Pfizer, Merck Combination Therapy Shows Significant Improvement in Phase III
Microscopic image of clear cell carcinoma, the most common type of renal cell carcinoma. It is characterized by cytoplasmic clearing and a pattern of small branching blood vessels.
Late-stage trial results show that a combination of Bavencio (avelumab) and Inlyta (axitinib) significantly improved progression-free survival in previously untreated patients with advanced renal cell carcinoma.
The Phase III JAVELIN Renal 101 study is being conducted by Merck KGaA and Pfizer. The progression-free survival news was announced following an interim analysis by an independent Data Monitoring Committee. The data showed the statistically significant response in patients whose tumors had programmed death ligand-1‒positive (PD-L1+) expression greater than 1 percent, as well as study patients regardless of PD-L1 tumor expression.
Bavencio is a human anti-programmed death ligand-1 (PD-L1) antibody. In preclinical models, Bavencio has been shown to release the suppression of the T cell-mediated antitumor immune. The drug has also been shown to induce NK cell-mediated direct tumor cell lysis via antibody-dependent cell-mediated cytotoxicity (ADCC) in vitro, according to data provided by the companies. Pfizer’s Inlyta has been approved in the United States as a second-line monotherapy for the treatment of advanced RCC.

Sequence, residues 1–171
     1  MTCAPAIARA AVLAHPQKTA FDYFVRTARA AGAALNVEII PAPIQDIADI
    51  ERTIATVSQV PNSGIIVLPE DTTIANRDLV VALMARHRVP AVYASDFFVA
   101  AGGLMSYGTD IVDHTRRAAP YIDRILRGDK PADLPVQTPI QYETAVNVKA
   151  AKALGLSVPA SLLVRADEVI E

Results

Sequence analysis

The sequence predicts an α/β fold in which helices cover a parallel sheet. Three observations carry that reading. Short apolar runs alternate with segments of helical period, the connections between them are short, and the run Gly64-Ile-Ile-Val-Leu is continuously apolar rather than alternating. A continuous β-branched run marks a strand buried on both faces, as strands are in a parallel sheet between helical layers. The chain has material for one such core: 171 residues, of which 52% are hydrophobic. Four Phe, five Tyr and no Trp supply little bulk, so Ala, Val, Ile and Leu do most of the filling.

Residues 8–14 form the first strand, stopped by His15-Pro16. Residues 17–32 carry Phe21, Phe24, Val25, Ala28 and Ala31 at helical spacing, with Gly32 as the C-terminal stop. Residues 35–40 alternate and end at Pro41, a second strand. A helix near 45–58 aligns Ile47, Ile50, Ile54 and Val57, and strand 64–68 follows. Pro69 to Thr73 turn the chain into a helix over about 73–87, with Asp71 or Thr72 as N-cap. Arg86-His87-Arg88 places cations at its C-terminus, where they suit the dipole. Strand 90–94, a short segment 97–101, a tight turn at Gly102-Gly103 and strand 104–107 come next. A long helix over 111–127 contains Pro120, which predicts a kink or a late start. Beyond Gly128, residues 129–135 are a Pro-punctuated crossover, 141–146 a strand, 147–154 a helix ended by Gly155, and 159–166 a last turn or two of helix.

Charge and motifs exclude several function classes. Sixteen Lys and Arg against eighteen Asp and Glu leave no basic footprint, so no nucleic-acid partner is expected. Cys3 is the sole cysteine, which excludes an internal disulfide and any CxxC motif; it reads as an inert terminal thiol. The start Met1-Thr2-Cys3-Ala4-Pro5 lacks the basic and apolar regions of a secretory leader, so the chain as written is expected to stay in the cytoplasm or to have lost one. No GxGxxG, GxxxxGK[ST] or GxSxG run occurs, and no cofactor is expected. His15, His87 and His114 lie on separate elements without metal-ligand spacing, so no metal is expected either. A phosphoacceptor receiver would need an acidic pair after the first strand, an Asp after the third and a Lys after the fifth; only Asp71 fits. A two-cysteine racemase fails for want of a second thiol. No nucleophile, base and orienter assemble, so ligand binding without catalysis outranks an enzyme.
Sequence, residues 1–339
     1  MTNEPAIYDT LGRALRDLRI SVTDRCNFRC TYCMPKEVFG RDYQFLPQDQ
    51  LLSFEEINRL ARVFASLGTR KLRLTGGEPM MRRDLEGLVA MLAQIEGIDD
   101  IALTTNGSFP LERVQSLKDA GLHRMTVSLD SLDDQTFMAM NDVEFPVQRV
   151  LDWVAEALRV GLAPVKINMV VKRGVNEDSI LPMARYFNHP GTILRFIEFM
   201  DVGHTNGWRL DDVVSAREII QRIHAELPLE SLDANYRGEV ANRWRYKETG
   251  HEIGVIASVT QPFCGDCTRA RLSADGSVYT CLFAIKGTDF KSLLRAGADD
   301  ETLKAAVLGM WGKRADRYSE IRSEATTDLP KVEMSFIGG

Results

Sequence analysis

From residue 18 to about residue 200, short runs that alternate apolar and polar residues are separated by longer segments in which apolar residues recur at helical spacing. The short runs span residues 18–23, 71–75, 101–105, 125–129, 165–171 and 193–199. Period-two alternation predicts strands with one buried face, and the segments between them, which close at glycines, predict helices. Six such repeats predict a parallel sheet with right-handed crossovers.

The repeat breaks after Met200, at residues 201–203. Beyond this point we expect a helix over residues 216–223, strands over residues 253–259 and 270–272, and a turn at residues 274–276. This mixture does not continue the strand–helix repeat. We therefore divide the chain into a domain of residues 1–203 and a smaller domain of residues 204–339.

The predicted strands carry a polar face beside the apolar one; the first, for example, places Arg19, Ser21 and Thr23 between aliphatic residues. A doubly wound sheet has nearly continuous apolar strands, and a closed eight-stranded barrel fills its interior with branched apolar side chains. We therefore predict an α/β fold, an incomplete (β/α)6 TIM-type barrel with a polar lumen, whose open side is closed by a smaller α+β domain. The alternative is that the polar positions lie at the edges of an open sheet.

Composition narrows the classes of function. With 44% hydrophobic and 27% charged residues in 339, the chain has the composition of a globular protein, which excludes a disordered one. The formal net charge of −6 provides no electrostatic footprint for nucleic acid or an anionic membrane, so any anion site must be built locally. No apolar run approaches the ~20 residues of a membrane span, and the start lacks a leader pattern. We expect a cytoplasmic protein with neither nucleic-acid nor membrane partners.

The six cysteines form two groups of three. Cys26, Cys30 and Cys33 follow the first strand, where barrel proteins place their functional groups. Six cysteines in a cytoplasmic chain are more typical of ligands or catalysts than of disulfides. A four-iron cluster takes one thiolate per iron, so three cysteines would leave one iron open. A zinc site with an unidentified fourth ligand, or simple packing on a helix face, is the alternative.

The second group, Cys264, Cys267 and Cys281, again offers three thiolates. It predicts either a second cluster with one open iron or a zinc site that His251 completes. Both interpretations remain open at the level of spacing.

This morning the two companies said if PFS was statistically significant in the PD-L1+ subgroup, then “PFS in the entire study population was to be analyzed for statistical significance.” The study is expected to continue as planned until the final analysis can reveal the other primary endpoint of overall survival, the companies said this morning. Following the interim results, Merck KGaA and Pfizer said they intend to pursue a regulatory submission in the United States based on the results they have seen so far. The companies added that a detailed analysis of the interim results will be submitted for presentation at an upcoming medical conference.
Chris Boshoff, head of immuno-oncology, early development and translational oncology at Pfizer, said the JAVELIN Renal 101 trial is the “first positive Phase III study” that combines an immune checkpoint blocker with a tyrosine kinase Inhibitor. That data supports the potential combination of Bavencio and Inlyta as a “new cancer treatment approach for patients with advanced RCC,” Boshoff said.
“These positive results reinforce Pfizer’s long-standing heritage in advancing standards of care for people with RCC, and we look forward to discussing these data in greater detail with health authorities,” Boshoff said in a statement.
RCC is the most common form of kidney cancer, with the most common form of RCC being clear cell carcinoma. That type of RCC accounts for about 70 percent of all renal cell carcinoma cases, the two companies said. Between 20 and 30 percent of patients are diagnosed at the metastatic stage, which means first-year survival rates for those patients is about 12 percent, the companies said. Both Merck KGaA and Pfizer said the outlook for these patients is poor.
The combination treatment received the U.S. Food and Drug Administration’s Breakthrough Therapy Designation in December 2017.
Luciano Rosetti, global head of research and development at Merck KGaA, said the data released today illustrates the impact the combination therapy can have as a potential first-line treatment for people with advanced renal cell carcinoma.